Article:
SqlPackage is a command-line utility provided by Microsoft that automates some database development tasks like exporting, importing and running scripts.
In this tutorial, we're using SqlPackage instead of SQL Management Studio (SSMS) as SSMS is much larger than what we need and if you're reading this tutorial to get a job done quick, you probably don't want to install a large application.
SqlPackage can be obtained from this Microsoft page. On this page, you can get a msi installer if you want to install the application on your machine or you can download the zip file if you don't want to go through an installation process / are running this in a pipeline.
If you downloaded the zip, unzip it, move it to whatever special place you want it in and add that folder to your PATH environment variable. If you're unsure of how to add a folder to your PATH environment variable, read this article.
To export a database, you need the connection string to the source Azure SQL database; you can get this by going to the Azure portal and going to the database you want to export. Once you're on the database page, go to "Settings" -> "Connection strings" and copy the connection string (ADO.NET).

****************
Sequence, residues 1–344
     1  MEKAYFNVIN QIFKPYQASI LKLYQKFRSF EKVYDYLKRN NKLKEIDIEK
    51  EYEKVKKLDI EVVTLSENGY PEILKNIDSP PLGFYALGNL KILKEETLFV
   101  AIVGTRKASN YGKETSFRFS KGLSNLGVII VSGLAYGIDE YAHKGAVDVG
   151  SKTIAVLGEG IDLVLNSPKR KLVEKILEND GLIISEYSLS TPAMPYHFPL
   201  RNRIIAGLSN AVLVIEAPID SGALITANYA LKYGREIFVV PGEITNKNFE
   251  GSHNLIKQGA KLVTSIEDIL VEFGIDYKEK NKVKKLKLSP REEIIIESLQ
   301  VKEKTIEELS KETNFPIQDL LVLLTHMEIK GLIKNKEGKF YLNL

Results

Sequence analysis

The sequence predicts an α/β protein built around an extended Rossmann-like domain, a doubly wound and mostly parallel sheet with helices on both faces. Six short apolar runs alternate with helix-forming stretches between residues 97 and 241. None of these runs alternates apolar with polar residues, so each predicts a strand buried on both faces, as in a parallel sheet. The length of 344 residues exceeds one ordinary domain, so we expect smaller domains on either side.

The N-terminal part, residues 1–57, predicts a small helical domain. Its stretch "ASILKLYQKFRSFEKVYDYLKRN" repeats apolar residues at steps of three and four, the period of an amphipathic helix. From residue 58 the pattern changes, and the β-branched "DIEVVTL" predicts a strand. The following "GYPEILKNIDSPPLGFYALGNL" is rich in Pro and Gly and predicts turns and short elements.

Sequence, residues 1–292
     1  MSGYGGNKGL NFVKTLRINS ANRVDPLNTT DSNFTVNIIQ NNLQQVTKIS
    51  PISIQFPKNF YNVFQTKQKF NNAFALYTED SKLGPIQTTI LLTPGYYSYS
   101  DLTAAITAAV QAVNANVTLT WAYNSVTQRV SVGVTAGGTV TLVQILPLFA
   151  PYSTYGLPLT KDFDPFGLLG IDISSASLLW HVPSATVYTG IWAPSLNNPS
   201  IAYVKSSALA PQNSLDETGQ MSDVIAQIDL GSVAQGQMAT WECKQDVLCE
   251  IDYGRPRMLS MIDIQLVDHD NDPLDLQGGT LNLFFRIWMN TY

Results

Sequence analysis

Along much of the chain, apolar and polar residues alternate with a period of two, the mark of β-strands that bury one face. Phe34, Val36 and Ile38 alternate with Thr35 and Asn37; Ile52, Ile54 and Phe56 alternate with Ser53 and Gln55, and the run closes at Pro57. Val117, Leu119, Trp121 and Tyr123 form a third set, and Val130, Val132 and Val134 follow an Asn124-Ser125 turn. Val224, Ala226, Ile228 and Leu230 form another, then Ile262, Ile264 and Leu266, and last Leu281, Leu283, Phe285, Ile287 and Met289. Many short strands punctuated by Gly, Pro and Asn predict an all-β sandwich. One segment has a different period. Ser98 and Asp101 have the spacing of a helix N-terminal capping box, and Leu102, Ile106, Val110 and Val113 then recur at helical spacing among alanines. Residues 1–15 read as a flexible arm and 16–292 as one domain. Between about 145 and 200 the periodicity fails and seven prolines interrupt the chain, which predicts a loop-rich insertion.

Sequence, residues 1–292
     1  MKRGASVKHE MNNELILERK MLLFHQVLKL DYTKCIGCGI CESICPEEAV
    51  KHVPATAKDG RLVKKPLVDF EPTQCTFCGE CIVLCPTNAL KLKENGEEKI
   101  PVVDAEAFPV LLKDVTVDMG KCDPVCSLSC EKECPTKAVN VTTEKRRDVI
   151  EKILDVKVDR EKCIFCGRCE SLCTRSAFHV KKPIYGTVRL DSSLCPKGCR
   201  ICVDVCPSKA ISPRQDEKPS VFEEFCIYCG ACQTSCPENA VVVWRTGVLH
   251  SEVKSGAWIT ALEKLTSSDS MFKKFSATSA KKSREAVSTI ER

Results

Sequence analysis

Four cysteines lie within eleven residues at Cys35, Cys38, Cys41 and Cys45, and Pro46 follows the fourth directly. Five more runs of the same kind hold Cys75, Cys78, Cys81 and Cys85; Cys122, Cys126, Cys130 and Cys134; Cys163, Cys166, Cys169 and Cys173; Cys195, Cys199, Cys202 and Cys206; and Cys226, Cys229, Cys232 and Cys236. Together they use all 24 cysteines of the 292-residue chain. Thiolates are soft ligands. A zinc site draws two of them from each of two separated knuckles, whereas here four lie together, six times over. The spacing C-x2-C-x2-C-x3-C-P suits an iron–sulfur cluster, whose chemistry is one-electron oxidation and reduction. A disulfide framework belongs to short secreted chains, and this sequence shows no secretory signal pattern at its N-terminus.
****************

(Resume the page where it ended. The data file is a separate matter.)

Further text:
Now running this script will export the database to a .bacpac file:
sqlpackage.exe /a:Export /tf:"backup.bacpac" /scs:"<connection string>"
The file backup.bacpac will now be in the current working directory and can be used to restore the database later.
On top of exporting a database, we can use a similar method to clone the database.
To clone your Azure SQL database to another database, you will need the following:
- Connection string of the source database
- Connection string of the destination database (might look something like
Server=localhost,1433;Initial Catalog=DestinationDatabase;Integrated Security=False;User Id=sa;Password=MyPass@word;)
Before you start cloning, you will need to make sure the destination database is completely clear. I usually do this by running the following in the
master database (the one that you are not copying to but is on the same database server):
DROP DATABASE DestinationDatabase; CREATE DATABASE DestinationDatabase;
After making sure your destination database is clear, export the source database:
sqlpackage.exe /a:Export /tf:"backup.bacpac" /scs:"<source database connection string>"
Now we restore this .bacpac file into the destination database:
sqlpackage.exe /a:Import /sf:"backup.bacpac" /tcs:"<destination database connection string>"